Welfare reform was enacted to promote self-sufficiency and to improve flexibility in the design of income-maintenance programs. To a large extent, these goals have been achieved. TANF has brought about substantial increases in the work activities of low-income families and enhanced states’ flexibility to create welfare systems unique to their constituencies. States are using the monies they are allocated in a more efficient manner—focusing on job readiness, child care, education, and work placement.

What other policy trends characterize the evolution of welfare system in the United State today? Briefly, two key forces are changing the basic relationship between the government and welfare recipients in all programs.

First, welfare programs at all levels are being geared toward more work-related activities. Nearly every program gives priority to parents who show a willingness and commitment to work. At the same time, able-bodied adults who refuse to work now find themselves disqualified from many programs. The emphasis on work has gained strength only since 1996. Proposals for the reauthorization of welfare reform all generally push for stricter work requirements and a longer work week.

Second, there has been a movement from pure in-kind provision to voucher-based systems. In-kind provision represents government efforts to both fund and directly serve the poor. Voucher systems are being emphasized not only for shelter but also for provision of food, health care, job training, and child care, among others. A cash-equivalent voucher is provided directly to the person served, who then redeems the voucher at any qualified/authorized service provider. This approach brings some of the advantages of market-based economics to the provision of welfare. The recipient spends dollars on the things he or she wants most. A classic example is public housing. HUD provides the funding for most public housing, and local government housing authorities use it to buy or build publicly owned residential units. This inefficient use of funds segregates low-income families into common facilities that typically duplicate housing resources that are widely available in the private market. Over the past decade, HUD and other government providers have been opting to fund more voucher-based, Section 8-type housing to meet the needs of the poor, thus allowing recipients greater choice in where they live.

Although welfare reform has achieved success in a short amount of time, more reform is needed. Of the many government assistance programs, only one, TANF, has seen any significant reform. The remaining programs (food stamps, SSI, housing assistance, Medicaid, and EITC) are about as inflexible as ever and generally ignore what is going on in the rest of the system. Future policy initiatives are likely to alter these programs toward the direction set for TANF in the 1990s welfare reform, with the two above trends continuing to influence new reforms.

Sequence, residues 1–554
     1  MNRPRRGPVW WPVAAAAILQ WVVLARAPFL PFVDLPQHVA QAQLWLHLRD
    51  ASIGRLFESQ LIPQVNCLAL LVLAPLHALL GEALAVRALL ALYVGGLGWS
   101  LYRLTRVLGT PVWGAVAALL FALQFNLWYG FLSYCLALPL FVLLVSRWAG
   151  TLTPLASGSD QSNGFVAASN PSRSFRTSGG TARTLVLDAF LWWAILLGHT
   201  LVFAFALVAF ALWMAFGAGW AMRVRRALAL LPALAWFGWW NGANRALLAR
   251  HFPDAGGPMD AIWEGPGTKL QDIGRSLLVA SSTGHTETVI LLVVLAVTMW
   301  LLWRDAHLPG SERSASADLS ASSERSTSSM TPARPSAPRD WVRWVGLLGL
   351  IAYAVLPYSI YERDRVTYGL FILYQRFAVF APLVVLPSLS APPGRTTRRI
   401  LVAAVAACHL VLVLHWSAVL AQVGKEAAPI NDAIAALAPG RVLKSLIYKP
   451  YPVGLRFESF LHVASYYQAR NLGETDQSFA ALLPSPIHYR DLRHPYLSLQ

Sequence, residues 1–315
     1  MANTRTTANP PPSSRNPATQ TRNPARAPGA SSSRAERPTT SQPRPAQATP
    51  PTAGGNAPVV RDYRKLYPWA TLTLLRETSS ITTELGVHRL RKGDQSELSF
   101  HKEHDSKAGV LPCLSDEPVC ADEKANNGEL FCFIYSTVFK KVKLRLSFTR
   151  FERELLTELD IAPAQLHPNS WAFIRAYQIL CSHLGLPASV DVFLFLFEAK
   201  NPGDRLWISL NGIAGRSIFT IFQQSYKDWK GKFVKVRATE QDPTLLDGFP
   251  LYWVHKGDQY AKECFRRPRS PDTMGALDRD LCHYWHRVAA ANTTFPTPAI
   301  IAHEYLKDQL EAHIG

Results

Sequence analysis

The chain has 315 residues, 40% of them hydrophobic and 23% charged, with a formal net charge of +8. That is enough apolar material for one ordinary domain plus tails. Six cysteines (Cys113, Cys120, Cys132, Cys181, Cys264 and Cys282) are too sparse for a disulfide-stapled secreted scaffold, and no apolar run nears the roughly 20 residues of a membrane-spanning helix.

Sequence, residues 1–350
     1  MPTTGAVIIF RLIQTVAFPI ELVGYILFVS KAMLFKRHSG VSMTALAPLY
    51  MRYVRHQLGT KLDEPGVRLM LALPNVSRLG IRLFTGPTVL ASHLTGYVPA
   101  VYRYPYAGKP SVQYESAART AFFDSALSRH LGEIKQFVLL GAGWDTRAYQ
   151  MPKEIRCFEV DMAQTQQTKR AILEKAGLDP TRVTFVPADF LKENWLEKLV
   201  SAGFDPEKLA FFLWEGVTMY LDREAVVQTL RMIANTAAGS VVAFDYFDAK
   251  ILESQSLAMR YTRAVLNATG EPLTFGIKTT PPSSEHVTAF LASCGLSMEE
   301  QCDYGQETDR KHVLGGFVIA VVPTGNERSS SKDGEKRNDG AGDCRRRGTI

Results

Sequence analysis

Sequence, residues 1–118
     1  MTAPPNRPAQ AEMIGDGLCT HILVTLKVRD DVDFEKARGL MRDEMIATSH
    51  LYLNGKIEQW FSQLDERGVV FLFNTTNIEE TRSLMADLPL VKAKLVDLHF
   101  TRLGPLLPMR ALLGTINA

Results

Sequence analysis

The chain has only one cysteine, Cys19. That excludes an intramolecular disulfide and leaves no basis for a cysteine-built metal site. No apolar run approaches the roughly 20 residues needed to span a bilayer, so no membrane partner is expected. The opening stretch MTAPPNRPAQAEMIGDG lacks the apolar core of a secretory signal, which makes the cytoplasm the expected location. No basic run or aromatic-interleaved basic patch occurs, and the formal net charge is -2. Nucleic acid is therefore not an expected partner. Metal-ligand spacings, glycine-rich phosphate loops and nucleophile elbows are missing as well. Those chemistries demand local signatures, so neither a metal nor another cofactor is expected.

Does Welfare Help the Poor?

David Henderson

Economists believe that people tend to make decisions that benefit themselves, so the answer to the above question seems obvious. If welfare did not help the poor, then why would so many of them go on welfare? This self-interest among the poor could also explain a phenomenon noted by those who study welfare, namely that only about one-half to two-thirds of those who qualify for welfare programs are enrolled in them. Presumably, the others have decided that it is in their self-interest to refuse the money and keep the government from meddling in their lives.

So, while it seems clear that welfare helps the poor who accept welfare, that does not mean that welfare helps the poor generally. Two groups of poor people, not counted in the welfare statistics, are hurt by welfare. The first group consists of the future poor. Economists know that welfare is a disincentive to work, and, therefore, that its existence reduces an economy’s output. If even some of this output would have been used for research and development, and if this forgone R&D would have increased growth, then welfare hurts growth by reducing R&D. If the annual growth rate of GDP in the United States had been just one percentage point lower between 1885 and 2005, then the United States today would be no richer than Mexico. The main thing that helps all poor people in the long run is economic growth. Even though the 1920s are thought of as a decade of prosperity, by today’s standards almost all Americans in the 1920s were poor. Economic growth made almost all Americans richer than their counterparts of the 1920s. A reduction in economic growth, even a slight one, if compounded, causes more future poverty than would otherwise have been the case.

The second group hurt by U.S. welfare is poor foreigners. The welfare state acts as a magnet for poor immigrants to the United States. Because of this, there are various domestic pressures to limit immigration. Without the welfare state, the number of immigrants would likely rise substantially, meaning that many previously poor foreigners would become much richer. The welfare state limits this improvement.

Based on Tyler Cowen, “Does the Welfare State Help the Poor?” Social Philosophy and Policy 19, no.1 (2002) pp. 36–54.

About the Authors

Thomas MaCurdy is the Dean Witter Senior Fellow at the Hoover Institution and a professor of economics at Stanford University. He is a member of standing committees that advise the Congressional Budget Office, the U.S. Bureau of Labor Statistics, and the U.S. Census. Jeffrey M. Jones is a research fellow at the Hoover Institution. He was previously executive director of Promised Land Employment Service.

Further Reading


DeParle, Jason. American Dream: Three Women, Ten Kids, and a Nation’s Drive to End Welfare. New York: Viking Books, 2004.

Jones, Jeffrey, and Thomas MaCurdy. “How Not to Mess Up a Good Thing.” Hoover Digest, no. 2. Stanford, Calif.: Hoover Institution Press, 2003. Pp. 99–108. Online at: